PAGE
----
Tad Robinson

Tad Robinson
A New Point of View

Severn Records CD 0040

By Art Tipaldi
May 2007

Blue-eyed soul has roots that trace back to Elvis. Today, only a handful of white singers can effectively interpret soul and blues. Put Tad Robinson at the top of that list. Throughout the 1990s, Robinson was a staple in the Delmark studio, recording two solo albums and singing on guitarist Dave Spector’s recordings.

Robinson always comes to sing with soul dripping from syllables. He can deliver Motown, Stax, Chicago blues, or greasy Memphis soul with respect and a singer’s commitment.

The band Robinson has assembled is first rate. Guitarist Alex Schultz, the former guitarist for Rod Piazza, is Robinson’s childhood friend. The rest of the core band rounds out with Chicago’s Steve Gomes on bass, Rob Stupka, who has played the drums with blues men from Luther Allison to James Solberg; and Kevin Anker on keyboards.

I saw Robinson at a European festival few years ago and he brought down the house night after night. Rather then cover soul classics from the aforementioned soul eras and labels, Robinson opts to sing a variety of originals written by him and his band members. But the addition of a massive horn and string section on most of these originals add the perfect touch to the soul traditions Robinson loves.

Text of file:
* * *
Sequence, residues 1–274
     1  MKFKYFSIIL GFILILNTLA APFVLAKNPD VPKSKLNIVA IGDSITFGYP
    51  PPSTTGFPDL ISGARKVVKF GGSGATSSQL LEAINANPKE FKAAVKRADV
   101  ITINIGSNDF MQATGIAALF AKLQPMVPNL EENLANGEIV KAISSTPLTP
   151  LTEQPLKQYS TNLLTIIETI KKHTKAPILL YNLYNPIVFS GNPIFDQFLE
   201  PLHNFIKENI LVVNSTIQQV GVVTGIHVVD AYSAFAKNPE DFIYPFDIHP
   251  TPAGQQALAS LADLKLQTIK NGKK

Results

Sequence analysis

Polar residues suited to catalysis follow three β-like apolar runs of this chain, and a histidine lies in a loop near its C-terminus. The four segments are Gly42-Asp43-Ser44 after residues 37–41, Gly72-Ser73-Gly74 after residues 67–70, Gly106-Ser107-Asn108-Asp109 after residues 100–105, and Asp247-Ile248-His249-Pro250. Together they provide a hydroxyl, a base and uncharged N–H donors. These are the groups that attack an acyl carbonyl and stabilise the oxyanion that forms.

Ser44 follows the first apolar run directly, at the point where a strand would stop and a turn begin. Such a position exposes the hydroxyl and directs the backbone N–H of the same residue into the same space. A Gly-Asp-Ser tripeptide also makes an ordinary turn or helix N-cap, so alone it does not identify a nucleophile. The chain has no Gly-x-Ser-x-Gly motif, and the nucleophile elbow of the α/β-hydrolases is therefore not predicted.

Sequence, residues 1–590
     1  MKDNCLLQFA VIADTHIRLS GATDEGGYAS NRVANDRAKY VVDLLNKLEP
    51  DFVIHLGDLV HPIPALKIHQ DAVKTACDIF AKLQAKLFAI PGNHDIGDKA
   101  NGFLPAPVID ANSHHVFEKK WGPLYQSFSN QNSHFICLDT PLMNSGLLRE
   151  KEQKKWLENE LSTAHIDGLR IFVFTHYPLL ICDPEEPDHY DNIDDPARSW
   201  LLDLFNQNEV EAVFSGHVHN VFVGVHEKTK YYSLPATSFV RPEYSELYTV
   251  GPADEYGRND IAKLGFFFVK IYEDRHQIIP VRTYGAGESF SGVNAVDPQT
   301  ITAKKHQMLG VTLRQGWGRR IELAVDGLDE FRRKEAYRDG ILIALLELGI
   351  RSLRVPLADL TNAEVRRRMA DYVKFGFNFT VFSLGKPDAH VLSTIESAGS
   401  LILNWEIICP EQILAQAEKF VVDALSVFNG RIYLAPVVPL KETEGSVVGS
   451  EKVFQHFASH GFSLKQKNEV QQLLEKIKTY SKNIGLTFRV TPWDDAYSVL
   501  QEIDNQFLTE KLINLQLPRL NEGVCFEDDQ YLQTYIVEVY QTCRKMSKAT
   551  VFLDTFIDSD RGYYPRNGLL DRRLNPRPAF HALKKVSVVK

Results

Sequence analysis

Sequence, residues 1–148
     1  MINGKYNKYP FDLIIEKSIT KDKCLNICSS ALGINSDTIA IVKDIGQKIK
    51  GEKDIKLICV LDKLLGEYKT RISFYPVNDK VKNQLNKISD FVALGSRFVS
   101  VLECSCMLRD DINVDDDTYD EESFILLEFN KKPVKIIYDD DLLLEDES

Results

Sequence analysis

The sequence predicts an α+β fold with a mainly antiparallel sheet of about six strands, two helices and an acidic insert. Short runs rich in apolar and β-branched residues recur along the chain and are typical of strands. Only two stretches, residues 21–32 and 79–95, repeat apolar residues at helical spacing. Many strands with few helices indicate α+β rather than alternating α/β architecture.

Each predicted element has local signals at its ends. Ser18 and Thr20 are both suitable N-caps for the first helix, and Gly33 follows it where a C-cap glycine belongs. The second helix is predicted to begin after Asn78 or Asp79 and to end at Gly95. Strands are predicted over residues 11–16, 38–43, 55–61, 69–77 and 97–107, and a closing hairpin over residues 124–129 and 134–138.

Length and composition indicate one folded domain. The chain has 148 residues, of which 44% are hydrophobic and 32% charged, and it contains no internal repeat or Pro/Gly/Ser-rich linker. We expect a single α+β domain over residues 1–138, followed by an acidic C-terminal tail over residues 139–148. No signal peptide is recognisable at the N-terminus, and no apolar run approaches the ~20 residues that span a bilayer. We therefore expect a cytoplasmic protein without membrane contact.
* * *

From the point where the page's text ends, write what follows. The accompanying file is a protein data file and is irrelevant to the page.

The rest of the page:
The only thing missing from “Long Way Home” is Isaac Hayes singing harmony. Robinson’s aching vocals on “He’s Movin’ In” are anchored by the powerful horns. And on Gomes’ “More Good Than That,” Robinson affects an Al Green voice.

When he crosses to the blues side of the street on “Broken Hearted Man,” Schultz and Robinson trade their emotional call-and-response. As Robinson’s voice confesses the blues, Schultz wrings terse moods from his strings.

After Robinson recalls the days of Hi Records on his greasy Memphis soul “When You’re Ready,” Robinson’s sleek voice announces a lover’s joy on “Love Is Everything.” Schultz’s funky guitar rhythms and David Finnell’s horn arrangements on “Back For More” give a nod to the 1970 Stax Record style.

Whether Robinson ascends vocally from a whisper to a falsetto plead, from a painful howl to controlled pain, he can sing words with such a personal feeling, it’s hard for a listener not to be personally touched. This is one of the top soul blues albums of the new blues year.



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